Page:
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Add insulation to this cathedral ceiling?

JohnACarr84 | Posted in Energy Efficiency and Durability on

We recently purchased a log home with a built up, vented cathedral ceiling. From the plans (left behind by original owner) and what I can tell from poking around the assembly from the inside is… open rafters – tongue and grove pine ceiling – 4 inches foil face rigid foam (foil towards TG pine) — 1 inch airspace via prefabbed baffle — plywood, felt, shingles. In our up stairs bedrooms there is additional TG pine on the bottom of the rafters (presumably to match the TG pine on the dormers where they are no exposed beams). See attached sketch. My question: I have some of the first layer of TG pine pulled off in a bedroom for another project and it occurred to me that there is a nice cavity (~91/4inch deep) there where i might could add batt insulation. Would it be advisable to add insulation here and if so would unfaced batts be a good choice?

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Replies

  1. GBA Editor
    Martin Holladay | | #1

    John,
    Yes, you can insulate between the rafters. Fiberglass batts would work, but dense-packed cellulose would perform better (because dense-packed cellulose reduces air flow).

    The main problem with this tongue-and-groove ceiling is that there is no air barrier under the rafters. Ideally, fiberglass batts should always have an air barrier on all sides. With all of those air leaks through the ceiling, the effectiveness of the fiberglass insulation is greatly reduced.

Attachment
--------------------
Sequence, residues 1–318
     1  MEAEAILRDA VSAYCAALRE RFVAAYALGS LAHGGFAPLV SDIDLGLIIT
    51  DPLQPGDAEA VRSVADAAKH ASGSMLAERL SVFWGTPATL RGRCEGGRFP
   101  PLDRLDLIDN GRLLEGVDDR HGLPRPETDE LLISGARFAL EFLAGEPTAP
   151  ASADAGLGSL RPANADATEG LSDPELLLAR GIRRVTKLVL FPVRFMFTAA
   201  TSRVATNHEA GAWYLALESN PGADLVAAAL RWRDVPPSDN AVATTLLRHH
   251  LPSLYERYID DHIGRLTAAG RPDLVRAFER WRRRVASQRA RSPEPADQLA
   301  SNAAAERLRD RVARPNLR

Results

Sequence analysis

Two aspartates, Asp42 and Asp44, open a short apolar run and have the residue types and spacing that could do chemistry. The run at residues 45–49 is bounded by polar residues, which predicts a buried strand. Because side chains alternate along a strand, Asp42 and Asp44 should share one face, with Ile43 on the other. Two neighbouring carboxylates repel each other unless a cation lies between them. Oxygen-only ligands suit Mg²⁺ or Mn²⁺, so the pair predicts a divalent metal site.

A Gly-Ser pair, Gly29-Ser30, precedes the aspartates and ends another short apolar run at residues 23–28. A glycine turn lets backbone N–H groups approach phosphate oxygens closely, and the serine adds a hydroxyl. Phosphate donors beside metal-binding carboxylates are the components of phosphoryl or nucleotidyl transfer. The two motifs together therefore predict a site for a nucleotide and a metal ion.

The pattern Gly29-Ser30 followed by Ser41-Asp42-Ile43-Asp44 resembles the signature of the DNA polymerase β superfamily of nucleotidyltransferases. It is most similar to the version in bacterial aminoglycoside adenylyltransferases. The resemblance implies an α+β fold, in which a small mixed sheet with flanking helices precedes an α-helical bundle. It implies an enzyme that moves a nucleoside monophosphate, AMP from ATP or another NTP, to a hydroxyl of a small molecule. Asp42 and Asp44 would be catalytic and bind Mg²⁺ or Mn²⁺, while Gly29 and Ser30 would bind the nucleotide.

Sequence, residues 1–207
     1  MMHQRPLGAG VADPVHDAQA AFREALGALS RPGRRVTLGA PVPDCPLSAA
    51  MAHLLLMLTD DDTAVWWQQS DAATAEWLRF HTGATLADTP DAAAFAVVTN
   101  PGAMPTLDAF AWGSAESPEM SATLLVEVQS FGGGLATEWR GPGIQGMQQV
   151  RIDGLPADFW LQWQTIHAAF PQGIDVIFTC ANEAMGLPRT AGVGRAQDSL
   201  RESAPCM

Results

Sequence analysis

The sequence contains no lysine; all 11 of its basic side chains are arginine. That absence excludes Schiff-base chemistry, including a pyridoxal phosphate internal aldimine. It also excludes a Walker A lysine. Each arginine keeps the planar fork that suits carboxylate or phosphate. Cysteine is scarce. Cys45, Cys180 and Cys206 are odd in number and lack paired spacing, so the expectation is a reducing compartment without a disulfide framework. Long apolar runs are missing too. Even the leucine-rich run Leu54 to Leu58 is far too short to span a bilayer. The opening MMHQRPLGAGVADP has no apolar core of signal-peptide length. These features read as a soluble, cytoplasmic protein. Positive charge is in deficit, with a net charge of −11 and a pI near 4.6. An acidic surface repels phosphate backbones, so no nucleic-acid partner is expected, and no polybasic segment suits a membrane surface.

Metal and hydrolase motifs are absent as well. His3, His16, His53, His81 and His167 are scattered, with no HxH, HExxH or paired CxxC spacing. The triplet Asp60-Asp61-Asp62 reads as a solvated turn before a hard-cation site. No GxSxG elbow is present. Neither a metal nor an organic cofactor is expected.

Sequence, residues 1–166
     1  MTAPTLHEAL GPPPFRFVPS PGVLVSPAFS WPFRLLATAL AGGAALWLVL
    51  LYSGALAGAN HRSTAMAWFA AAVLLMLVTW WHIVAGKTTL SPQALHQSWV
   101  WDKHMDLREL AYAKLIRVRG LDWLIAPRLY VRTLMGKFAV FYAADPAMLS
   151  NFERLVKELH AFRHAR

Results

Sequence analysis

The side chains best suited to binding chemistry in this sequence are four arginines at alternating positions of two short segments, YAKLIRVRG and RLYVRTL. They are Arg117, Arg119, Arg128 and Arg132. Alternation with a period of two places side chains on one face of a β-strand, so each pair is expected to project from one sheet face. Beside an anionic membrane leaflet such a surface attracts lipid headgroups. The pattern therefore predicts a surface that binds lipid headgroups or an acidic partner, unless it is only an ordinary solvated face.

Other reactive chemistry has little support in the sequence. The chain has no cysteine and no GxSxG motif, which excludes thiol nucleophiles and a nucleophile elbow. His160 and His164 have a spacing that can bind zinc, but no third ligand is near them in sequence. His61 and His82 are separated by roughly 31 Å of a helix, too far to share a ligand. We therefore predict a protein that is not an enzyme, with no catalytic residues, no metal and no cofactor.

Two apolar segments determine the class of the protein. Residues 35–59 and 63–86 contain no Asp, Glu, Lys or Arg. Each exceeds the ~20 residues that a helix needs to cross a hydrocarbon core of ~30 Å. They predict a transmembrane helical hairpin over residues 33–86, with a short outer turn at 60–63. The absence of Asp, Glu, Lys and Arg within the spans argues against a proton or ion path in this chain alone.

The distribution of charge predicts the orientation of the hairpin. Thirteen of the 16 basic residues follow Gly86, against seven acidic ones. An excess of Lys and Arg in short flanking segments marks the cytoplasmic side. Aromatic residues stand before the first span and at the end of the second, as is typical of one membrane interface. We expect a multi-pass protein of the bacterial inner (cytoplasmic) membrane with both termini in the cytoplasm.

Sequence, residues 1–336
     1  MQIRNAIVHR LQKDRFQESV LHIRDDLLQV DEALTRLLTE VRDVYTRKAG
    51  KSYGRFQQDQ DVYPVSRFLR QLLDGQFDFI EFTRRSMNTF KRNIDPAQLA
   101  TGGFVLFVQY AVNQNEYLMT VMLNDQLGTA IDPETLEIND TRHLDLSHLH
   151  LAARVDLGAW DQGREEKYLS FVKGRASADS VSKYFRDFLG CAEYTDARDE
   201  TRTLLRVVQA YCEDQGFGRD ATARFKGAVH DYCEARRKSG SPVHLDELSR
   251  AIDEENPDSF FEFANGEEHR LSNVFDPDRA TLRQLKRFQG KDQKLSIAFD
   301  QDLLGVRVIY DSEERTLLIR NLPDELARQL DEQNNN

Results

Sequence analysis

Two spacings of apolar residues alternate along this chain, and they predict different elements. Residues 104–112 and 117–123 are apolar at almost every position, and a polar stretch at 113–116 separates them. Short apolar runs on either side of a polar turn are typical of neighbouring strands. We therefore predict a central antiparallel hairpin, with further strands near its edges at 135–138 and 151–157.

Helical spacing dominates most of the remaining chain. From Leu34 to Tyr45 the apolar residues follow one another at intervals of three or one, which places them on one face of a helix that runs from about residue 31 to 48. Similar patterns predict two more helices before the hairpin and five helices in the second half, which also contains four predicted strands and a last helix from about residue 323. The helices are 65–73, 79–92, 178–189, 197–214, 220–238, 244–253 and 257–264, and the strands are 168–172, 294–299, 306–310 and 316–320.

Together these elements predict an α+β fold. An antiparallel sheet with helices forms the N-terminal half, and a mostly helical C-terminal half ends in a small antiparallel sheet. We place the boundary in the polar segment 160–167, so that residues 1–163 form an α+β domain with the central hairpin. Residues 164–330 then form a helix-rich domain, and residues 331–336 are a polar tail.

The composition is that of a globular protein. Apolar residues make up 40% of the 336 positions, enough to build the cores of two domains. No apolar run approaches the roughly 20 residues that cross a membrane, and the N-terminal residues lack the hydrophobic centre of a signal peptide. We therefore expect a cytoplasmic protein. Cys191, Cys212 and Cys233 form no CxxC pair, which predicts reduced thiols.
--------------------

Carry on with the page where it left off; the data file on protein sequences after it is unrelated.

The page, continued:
2. GBA Editor
    Martin Holladay | | #2

    John,
    One more point: We need to know your location or climate zone. If the foil-faced rigid foam shown in your sketch is polyiso, that means that the rigid foam will perform at about R-20. If you are located in Climate Zone 5 or anywhere warmer, your plan will work. If you are located in Climate Zone 6, 7, or 8, the rigid foam is insufficient to prevent problems with moisture accumulation, so you shouldn't add any fiberglass batts to this assembly. For more information on this issue, see How to Build an Insulated Cathedral Ceiling.

  3. JohnACarr84 | | #3

    Thanks for the quick response Martin! I am located in Northern Alabama -- Climate Zone 3. So in this case am I correct to say that there wouldn't be major concern of trapped moisture/mold in the proposed added batts? I had read the GBA article on cathedral ceilings a foam + batts optioned was mentioned and showed the climate zone table for foam thickness to prevent condensation. But I wasnt sure if the foil facing on my foam introduced any further moisture concerns for adding batts?

  4. GBA Editor
    Martin Holladay | | #4

    John,
    The foil facing on the rigid foam won't cause any problems. And the R-value of the rigid foam is adequate in your climate zone, so you can install the insulation between the rafters if you want to.

    If you ever change your mind about your ceiling, remember: taped drywall would make a much better-performing ceiling, because it can be detailed as an air barrier.

  5. JohnACarr84 | | #5

    Thanks Martin, I really appreciate you advice!

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